Take for example the oft quoted finding that indian males report cancer at just 30% of those in USA. WOW – maybe they eat better?? – but you cant conclude that until you have researched in a scientific way – because maybe cancer rates in India are 70% unreported due to the rural nature of the country. So – using your criteria these facts are nonsense and should not be considered - I would conclude the same. But when I find a similar pattern in Nigeria and Japan then I allow myself to conclude:

There is a strong possibility that diet or other lifestyle considerations are an important factor in the cancer process. But due the complex nature of diet and the near impossibility of making standard clinical trials in humans where all aspects of diet are controlled, we cannot conclude – or recommend a particular path through diet to help in containing cancer.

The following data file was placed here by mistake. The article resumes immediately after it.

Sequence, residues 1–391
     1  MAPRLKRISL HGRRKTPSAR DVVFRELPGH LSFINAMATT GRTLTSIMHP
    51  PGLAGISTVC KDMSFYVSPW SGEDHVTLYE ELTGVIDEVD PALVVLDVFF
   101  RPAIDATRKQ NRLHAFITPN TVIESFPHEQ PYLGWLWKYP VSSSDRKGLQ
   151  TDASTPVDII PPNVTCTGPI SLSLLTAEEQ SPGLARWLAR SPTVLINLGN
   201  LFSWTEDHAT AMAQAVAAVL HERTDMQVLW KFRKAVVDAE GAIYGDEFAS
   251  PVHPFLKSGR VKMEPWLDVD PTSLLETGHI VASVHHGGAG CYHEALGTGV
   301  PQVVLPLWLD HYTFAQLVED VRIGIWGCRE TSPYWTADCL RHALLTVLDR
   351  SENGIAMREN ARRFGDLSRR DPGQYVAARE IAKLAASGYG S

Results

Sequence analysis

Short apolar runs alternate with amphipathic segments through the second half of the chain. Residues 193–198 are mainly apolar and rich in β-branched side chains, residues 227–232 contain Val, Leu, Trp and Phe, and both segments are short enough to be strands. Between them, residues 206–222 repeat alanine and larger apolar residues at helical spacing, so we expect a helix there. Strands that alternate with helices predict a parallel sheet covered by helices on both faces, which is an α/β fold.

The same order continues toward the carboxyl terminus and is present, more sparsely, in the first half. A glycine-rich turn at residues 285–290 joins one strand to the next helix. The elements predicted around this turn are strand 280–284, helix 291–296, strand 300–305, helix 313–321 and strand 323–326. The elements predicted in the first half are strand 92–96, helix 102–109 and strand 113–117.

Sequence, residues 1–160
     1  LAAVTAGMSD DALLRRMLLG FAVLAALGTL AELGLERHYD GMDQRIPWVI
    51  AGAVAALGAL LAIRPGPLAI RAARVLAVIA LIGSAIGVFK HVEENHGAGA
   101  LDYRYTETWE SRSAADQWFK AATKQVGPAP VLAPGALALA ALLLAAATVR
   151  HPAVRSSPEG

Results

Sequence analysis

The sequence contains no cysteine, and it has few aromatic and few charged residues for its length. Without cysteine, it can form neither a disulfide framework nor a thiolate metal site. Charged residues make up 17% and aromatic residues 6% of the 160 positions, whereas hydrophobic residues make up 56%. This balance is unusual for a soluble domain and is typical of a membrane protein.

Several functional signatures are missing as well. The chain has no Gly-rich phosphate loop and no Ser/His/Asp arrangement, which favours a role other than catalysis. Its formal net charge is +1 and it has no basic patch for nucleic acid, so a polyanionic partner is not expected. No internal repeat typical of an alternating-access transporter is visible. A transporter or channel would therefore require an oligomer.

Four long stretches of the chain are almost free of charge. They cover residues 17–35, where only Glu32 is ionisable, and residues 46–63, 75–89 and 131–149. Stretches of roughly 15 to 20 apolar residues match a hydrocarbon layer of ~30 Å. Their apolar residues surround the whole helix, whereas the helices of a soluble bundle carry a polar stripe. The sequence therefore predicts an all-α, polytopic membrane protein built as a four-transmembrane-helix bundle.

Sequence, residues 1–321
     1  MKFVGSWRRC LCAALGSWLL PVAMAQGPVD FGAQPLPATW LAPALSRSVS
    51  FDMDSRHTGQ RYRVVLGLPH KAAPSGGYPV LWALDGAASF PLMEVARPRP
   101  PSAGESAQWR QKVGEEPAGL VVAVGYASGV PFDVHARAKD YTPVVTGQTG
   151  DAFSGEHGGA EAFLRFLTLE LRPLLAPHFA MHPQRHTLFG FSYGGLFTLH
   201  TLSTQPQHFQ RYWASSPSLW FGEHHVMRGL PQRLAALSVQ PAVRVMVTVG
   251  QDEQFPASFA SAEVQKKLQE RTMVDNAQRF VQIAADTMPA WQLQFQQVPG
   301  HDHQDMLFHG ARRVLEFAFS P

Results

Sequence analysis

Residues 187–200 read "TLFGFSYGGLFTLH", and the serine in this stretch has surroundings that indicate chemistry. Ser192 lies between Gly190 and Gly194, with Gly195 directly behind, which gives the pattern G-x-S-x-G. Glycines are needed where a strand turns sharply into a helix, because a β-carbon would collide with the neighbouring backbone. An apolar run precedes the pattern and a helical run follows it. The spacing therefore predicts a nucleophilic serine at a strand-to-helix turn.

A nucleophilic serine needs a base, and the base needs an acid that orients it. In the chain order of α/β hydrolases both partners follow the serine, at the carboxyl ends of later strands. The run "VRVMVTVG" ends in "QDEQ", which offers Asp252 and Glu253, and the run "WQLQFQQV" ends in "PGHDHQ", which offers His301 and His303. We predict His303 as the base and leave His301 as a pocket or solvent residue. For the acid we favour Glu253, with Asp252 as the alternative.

But I work on probabilities when I am trying to understand what we have learned in the 50 years of ADT, and as long as I don’t take supplements thinking that they will help (there we agree) I am happy to bias my diet to things which are normal foods where evidence in vitro and in vivo (animals) is reasonably supportive that specific foodstuffs are better or worse. We have lived in an era where eating fat was taboo because of cholesterol – but today we have a much more balanced view of this. So I would like to step beyond your Grade A certainty arena and into uncertainty and probabilities, and allow that a preponderance of indications can point to a useful path to the future. I like the views expressed here:

ncbi.nlm.nih.gov/pmc/articl...

"While a cautionary approach is welcome, summary dismissal of an entire area of research is like throwing the baby out with bath water."

So I relate to such articles as: mdpi.com/2218-273X/10/11/15... (which I have referred to before) and the conclusions given specific to Curcumin (but indicative of many other potential foods which may influence the development of cancer):